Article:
Systematically review the evidence describing the impact of anti-vascular endothelial growth factor (anti-VEGF) therapy on neovascular age-related macular degeneration (nAMD) patient outcomes and healthcare resource utilization.
A systematic literature review was completed using Medline and EMBASE for publications prior to July 2018, and proceedings from major ophthalmology conferences (January 2016 to July 2018). The search strategy combined terms for nAMD with terms for anti-VEGF and study design. The review focused on publications describing the impact of anti-VEGF on blindness, visual impairment, vision-related quality of life (VRQoL), mortality, and costs. The search targeted data collected in epidemiological or observational studies to reflect real-world outcomes but also considered modeling-based approaches.
The use of anti-VEGF in clinical practice was associated with significant reduction in the incidence of blindness by nAMD. Population-based analyses reported reduction in incidence among the general population of 47% (9.1 cases/100,000 in 2006 to 4.8 cases/100,000 in 2011). Among patients aged ≥50 years, a reduction of 50% was observed (52.2 cases/100,000 in 2000 to 25.7 cases/100,000 in 2010). In some cases, the odds of decreased vision (defined as decline from normal to moderate, moderate to severe, or severe to blindness) fell by 41% following introduction of anti-VEGF. Patients’ VRQoL improved with treatment, with patients reporting a positive impact shortly after treatment was initiated. Change on National Eye Institute 25-Item Visual Function Questionnaire score from baseline to month 12 ranged from 0.7 to 4.4. Although nAMD patients report signs of depression and anxiety, the evidence suggests that there is no association between the use of anti-VEGF and the prevalence or diagnosis of depression. The introduction of anti-VEGF led to increased overall treatment costs due to replacement of existing less frequently administered treatments (e.g. photodynamic therapy) and increased number of patients treated (prior to anti-VEGF, only ~ 20% of patients were eligible for treatment).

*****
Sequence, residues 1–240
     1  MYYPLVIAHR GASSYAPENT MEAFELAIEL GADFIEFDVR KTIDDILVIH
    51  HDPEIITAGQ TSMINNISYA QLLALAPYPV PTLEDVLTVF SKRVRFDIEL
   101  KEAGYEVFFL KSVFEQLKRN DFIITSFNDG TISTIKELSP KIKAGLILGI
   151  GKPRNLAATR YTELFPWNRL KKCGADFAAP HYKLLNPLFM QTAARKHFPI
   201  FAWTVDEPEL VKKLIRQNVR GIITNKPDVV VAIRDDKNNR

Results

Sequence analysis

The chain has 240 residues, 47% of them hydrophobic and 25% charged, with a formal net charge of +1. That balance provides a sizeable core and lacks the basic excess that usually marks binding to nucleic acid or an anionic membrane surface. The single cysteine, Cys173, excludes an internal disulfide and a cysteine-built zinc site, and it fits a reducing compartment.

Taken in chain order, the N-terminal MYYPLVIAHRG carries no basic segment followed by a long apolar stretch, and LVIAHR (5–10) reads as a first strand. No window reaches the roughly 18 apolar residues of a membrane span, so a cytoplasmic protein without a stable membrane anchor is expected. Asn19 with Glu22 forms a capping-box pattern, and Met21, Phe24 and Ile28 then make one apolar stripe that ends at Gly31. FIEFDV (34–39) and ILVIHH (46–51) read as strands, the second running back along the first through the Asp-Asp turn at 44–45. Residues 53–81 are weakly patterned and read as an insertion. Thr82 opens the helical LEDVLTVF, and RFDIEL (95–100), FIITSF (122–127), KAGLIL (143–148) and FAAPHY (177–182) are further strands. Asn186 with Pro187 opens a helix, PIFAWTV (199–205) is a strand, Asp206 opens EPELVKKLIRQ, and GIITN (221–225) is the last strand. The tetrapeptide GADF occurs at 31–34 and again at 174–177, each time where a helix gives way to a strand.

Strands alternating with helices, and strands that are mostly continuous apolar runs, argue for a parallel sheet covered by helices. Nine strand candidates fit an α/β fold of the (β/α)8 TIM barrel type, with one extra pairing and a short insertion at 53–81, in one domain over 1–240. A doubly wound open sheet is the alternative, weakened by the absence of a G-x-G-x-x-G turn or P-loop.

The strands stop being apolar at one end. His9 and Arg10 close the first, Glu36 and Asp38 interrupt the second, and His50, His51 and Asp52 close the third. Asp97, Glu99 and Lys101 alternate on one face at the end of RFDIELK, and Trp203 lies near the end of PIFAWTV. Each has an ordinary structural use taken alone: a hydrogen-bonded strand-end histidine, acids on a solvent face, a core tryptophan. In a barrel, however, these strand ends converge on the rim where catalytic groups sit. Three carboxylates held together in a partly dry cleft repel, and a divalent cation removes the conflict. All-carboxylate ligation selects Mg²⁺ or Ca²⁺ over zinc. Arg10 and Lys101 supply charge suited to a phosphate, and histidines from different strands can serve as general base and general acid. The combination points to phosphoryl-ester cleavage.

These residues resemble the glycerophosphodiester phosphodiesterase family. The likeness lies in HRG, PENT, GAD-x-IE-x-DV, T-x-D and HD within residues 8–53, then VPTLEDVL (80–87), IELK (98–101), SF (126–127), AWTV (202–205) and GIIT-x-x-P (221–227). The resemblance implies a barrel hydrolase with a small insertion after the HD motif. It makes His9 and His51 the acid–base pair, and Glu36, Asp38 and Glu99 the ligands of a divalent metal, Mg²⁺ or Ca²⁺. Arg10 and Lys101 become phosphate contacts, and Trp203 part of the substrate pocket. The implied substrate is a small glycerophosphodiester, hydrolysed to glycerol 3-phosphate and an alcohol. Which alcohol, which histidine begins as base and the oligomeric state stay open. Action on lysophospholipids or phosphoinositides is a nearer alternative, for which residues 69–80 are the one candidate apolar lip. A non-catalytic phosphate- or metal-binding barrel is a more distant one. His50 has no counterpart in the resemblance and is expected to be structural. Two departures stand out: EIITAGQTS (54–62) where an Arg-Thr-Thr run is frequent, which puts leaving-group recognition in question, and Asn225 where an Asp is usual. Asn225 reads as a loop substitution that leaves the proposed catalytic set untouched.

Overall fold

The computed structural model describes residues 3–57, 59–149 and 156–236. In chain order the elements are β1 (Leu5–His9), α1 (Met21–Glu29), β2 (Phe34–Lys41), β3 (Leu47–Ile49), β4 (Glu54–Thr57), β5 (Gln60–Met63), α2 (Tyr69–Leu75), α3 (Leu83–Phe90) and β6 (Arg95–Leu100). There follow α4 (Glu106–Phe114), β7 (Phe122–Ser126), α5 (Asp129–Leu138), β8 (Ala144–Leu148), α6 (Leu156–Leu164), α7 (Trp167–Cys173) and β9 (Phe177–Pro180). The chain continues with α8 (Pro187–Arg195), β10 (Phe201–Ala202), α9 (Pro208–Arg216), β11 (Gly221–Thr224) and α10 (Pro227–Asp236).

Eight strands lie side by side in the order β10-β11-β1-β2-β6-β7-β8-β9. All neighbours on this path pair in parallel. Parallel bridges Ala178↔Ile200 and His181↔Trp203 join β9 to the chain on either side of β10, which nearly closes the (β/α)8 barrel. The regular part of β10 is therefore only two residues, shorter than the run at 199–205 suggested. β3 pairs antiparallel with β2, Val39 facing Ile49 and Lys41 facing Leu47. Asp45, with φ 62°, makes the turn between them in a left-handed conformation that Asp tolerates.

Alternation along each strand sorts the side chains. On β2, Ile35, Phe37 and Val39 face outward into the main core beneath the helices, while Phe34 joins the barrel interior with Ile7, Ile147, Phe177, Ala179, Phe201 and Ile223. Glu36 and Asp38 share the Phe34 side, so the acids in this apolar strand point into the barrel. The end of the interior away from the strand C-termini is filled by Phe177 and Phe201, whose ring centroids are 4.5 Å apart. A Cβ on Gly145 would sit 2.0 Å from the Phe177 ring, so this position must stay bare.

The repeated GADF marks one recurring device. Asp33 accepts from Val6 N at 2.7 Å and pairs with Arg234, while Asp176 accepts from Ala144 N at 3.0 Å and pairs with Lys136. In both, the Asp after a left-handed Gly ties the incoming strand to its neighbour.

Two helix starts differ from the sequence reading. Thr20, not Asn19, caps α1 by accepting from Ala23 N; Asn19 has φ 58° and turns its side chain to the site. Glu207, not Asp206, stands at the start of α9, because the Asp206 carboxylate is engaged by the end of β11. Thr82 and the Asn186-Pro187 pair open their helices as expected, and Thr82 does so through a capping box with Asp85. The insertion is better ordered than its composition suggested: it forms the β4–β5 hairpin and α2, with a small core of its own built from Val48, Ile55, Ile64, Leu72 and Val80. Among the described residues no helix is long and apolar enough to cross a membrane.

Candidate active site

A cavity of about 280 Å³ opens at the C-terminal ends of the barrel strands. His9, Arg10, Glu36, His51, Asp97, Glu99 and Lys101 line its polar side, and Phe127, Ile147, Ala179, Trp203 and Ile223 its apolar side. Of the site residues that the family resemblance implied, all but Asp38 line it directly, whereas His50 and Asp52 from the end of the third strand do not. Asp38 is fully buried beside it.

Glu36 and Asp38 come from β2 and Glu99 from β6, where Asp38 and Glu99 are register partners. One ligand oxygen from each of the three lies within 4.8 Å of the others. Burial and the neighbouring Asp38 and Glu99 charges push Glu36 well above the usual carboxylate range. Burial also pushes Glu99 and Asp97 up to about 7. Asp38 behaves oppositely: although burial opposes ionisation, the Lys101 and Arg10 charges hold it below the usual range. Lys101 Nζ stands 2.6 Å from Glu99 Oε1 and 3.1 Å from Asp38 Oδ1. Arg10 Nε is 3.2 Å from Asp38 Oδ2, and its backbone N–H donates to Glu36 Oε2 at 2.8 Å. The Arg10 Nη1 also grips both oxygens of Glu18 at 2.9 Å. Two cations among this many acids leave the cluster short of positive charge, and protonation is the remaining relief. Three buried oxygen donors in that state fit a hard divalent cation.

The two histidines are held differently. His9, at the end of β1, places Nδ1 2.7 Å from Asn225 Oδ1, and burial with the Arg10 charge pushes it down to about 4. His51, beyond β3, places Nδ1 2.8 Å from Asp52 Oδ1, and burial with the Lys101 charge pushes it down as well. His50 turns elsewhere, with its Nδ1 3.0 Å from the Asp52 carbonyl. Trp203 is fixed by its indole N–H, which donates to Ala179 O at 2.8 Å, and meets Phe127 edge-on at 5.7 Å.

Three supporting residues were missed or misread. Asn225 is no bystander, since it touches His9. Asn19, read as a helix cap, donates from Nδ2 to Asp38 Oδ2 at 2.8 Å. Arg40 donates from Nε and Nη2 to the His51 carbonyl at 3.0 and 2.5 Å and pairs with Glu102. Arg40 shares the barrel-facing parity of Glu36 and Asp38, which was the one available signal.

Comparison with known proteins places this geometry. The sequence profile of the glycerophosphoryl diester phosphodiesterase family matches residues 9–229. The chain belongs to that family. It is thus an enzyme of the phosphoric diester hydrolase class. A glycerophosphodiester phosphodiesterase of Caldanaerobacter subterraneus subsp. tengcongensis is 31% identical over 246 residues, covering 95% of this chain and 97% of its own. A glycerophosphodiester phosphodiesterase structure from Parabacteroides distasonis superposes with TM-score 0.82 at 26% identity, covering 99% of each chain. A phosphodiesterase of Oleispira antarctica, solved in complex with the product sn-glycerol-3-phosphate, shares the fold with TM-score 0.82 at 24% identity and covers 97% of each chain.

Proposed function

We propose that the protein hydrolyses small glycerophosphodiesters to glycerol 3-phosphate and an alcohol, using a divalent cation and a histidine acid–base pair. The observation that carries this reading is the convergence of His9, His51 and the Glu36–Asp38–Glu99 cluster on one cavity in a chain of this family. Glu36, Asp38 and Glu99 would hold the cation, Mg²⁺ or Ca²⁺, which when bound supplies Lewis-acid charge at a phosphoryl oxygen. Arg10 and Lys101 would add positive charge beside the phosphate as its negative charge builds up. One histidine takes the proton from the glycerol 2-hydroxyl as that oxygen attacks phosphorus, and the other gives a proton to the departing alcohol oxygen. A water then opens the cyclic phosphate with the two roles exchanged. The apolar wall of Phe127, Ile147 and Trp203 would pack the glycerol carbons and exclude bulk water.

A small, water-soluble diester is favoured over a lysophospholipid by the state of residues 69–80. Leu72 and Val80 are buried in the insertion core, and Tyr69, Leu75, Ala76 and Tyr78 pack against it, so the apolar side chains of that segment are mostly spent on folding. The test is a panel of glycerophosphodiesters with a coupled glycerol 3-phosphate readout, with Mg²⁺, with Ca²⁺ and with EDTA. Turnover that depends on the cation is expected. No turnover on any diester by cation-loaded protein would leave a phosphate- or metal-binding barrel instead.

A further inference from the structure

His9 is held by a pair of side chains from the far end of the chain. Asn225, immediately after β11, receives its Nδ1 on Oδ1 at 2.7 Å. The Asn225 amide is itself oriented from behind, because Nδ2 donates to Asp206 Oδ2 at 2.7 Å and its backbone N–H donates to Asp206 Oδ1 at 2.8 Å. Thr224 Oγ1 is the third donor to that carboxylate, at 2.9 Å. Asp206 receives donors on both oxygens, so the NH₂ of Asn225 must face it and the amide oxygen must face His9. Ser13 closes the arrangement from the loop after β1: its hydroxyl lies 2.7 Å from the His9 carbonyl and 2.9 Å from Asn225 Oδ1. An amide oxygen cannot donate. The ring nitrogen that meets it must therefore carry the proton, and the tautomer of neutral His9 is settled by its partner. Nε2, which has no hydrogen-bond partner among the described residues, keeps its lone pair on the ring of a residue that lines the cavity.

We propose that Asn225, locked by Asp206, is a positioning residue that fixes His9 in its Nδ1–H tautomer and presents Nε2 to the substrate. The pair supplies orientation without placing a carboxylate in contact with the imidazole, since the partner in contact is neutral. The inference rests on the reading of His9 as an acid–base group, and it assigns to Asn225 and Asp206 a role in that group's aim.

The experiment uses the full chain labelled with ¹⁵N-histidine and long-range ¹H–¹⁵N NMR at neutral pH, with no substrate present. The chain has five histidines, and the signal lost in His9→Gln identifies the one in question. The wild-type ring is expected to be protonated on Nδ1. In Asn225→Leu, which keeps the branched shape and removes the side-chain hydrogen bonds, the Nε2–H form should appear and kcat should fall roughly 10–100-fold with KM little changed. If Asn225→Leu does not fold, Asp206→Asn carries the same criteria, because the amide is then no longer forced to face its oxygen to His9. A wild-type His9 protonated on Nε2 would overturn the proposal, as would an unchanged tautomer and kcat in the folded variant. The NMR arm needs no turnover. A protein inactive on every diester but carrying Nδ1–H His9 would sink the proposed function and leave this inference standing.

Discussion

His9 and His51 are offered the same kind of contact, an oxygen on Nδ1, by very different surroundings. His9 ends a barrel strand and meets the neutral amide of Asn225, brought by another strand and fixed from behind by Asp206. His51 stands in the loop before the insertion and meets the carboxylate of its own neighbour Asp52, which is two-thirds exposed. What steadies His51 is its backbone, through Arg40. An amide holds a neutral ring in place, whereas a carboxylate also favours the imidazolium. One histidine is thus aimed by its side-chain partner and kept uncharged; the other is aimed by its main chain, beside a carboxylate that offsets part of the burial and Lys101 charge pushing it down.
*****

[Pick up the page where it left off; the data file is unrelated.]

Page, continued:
The introduction of anti-VEGF agents has been associated with a positive impact on patient-relevant outcomes, including a significant reduction in incidence of blindness and visual impairment by nAMD. Anti-VEGF agents replaced less-effective treatments, improving patient outcomes and broadening the patient population eligible for treatment.